Teens need to check Facebook privacy settings

Facebook’s new privacy rules for teens allowing them to post publicly may put children at risk, according to child advocate groups.

Until now teens aged from 13 to 17 were limited to sharing status updates, links, information and photos only with their own friends or friends of those friends and in fact all 'preteen' Facebook users have been barred from making their posts visible to all users.

The new changes will give teens the choice of switching their settings so their posts can be accessible to the public and sexual offenders are now more eligible in getting their personal information and photographs.

A new way for teens to be more accessible to sexual offenders?

According to the Dailymail, paedophiles could find it easier to prey on teenagers online after Facebook changed its rules to allow under-18s to share pictures with anyone on the internet.

They have been restricted to those they had already decided to link with on the social networking site and were allowed to share posts only with ‘friends of friends’.

But, following what it claims are demands from teenagers themselves, that protection has been removed and Facebook will allow children to share their images and videos with the entire public.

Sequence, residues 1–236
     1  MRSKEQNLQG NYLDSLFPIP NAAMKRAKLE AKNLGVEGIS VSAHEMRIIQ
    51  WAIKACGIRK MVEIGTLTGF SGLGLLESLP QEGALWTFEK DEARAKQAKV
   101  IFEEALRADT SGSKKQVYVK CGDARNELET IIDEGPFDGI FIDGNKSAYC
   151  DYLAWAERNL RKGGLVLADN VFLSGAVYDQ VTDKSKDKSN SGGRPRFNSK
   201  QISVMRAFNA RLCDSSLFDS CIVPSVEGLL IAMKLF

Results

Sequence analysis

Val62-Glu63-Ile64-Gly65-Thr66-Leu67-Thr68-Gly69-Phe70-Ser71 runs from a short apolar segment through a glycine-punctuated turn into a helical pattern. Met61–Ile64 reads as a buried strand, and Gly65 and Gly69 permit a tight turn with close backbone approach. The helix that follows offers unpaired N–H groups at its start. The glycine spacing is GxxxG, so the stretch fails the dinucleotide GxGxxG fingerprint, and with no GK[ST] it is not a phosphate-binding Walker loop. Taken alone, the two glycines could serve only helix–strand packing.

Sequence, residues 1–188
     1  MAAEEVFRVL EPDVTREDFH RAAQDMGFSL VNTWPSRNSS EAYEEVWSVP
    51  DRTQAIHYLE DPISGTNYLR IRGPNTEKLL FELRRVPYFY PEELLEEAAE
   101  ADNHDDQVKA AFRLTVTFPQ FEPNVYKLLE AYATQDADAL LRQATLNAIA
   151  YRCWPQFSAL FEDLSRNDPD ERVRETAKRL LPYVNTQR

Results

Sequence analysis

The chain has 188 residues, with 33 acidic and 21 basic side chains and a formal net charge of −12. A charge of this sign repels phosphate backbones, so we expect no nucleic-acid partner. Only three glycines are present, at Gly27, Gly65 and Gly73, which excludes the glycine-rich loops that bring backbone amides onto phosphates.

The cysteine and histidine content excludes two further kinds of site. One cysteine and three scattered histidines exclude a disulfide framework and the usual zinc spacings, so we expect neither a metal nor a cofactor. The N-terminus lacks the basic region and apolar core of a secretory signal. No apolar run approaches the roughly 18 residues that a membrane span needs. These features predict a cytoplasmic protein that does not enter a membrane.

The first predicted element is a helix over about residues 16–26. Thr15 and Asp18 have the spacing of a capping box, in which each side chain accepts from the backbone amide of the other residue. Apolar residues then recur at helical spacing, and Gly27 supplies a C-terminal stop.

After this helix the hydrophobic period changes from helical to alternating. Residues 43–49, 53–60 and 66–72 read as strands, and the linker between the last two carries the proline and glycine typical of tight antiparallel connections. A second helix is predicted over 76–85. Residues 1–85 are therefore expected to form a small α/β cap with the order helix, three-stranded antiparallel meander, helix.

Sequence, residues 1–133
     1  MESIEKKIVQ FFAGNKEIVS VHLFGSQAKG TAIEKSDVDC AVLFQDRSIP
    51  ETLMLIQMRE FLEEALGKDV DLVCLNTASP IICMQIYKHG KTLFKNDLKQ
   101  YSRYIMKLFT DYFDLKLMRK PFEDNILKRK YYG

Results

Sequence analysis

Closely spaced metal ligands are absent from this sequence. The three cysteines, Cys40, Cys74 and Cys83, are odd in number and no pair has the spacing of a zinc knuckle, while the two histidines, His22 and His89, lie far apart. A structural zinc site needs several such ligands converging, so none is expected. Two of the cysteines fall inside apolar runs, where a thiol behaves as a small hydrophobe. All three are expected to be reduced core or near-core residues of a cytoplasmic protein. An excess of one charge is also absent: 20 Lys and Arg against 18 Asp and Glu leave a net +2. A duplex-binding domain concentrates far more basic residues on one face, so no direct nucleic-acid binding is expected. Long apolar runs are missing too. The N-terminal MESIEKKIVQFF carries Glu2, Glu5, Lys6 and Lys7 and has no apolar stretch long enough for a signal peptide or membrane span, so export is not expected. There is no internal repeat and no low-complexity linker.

Teens and their sexy self portraits

The move has been condemned as a ‘disaster’ by campaigners, who warn that explicit self-portraits taken by youngsters could fall into the wrong hands which could quite possibly contribute to cyberbullying as well.

The change brings Facebook in line with other social networks such as Twitter, which allows all users to post publicly.

Another change means teenage users will be given a default setting of ‘friends only’ – meaning that to post publicly they will have to change the setting themselves.

Technically, Facebook is open only to those aged 13 and above, but in fact thousands of children younger than that have become members of the site by lying about their age.

Facebook does not carry out an age verification check. It means that thousands of children under 13 could also be at risk of seeing their photos fall into the hands of paedophiles.

What do you think of the new Facebook changes?
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